Let’s get this straight: on Friday night Moody’s downgraded Britain’s credit rating for the first time since it started giving official ratings to the UK back in 1978.
This means as far as it is concerned Britain is statistically more likely to default in the coming years.
On Monday, the capital markets where the Government turns to borrow, where it is constantly judged by the people who in this case really matter (investors), gave their reaction, and it can be summed up in two words: "so what?"
As of about 10am, the rate investors charge the Government to borrow was actually lower than just before the downgrade (having ticked up a touch in early trading).
The pound actually strengthened in comparison with where it was immediately after the downgrade. It’s still close to a three-year low against the dollar, but it’s been heading south for weeks.
The FTSE 100 index of leading UK shares was up by 0.5%, and even banking shares, which plunged after Moody’s first warned of a potential downgrade this time last year, were stable.
In other words, if you were looking for any palpable reaction to the downgrade, you would be hard-pressed to find it.
This shouldn't be particularly surprising: the notion that a downgrade would provoke economic and financial oblivion evaporated in 2011 when markets entirely ignored the US credit rating downgrade.
All of which brings us back to George Osborne.
You might be tempted to portray the markets damp squib as good news for the Chancellor. Losing your AAA crown is not, it turns out, the end of the world. However, it's also a reminder of one of the biggest mistakes of his political career.
There was no need for Mr Osborne to tie his economic record so explicitly with the country’s credit rating (particularly given the credibility of the agencies themselves).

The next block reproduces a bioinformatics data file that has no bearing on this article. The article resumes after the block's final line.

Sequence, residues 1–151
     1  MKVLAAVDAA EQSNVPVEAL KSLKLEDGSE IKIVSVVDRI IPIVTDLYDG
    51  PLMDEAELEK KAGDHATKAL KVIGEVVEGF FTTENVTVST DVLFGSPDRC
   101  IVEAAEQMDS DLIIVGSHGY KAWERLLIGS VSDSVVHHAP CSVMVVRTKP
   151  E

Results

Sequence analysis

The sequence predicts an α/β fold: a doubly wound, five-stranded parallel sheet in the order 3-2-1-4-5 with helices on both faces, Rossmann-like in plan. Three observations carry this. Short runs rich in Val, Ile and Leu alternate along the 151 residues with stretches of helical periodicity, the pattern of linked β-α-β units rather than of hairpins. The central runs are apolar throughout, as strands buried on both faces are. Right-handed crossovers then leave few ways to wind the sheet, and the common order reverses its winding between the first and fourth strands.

Had he promised instead to keep the Government's cost of borrowing low, he would have been able to boast that the interest rate has almost halved since he took office.
Whether this political miscalculation deals him a lasting blow remains to be seen, but it's clear that the downgrade is no financial disaster for Britain.
However, that shouldn't distract us from what does matter: the underlying reasons for the downgrade.
It is striking that the major explanation the ratings agency gave came down to Britain's growth prospects.
It said, quite simply, that this recession has been unlike any other of recent memory. The enormous amount of debt still hanging over households and businesses (let alone the Government) has meant that the UK economy is still, even five years on, smaller than it was before the crisis.
To put that another way, this country and its citizens are generating less wealth, taking home less income and spending less than in 2008.
That's why the deficit is still climbing and why the squeeze on household incomes is returning. In spite of all the money the Bank of England has thrown at the problem, and massive extra borrowing from the Treasury, Britain is in a serious economic pickle.
You don't need a credit ratings agency to tell you that. And it turns out the markets didn't either.
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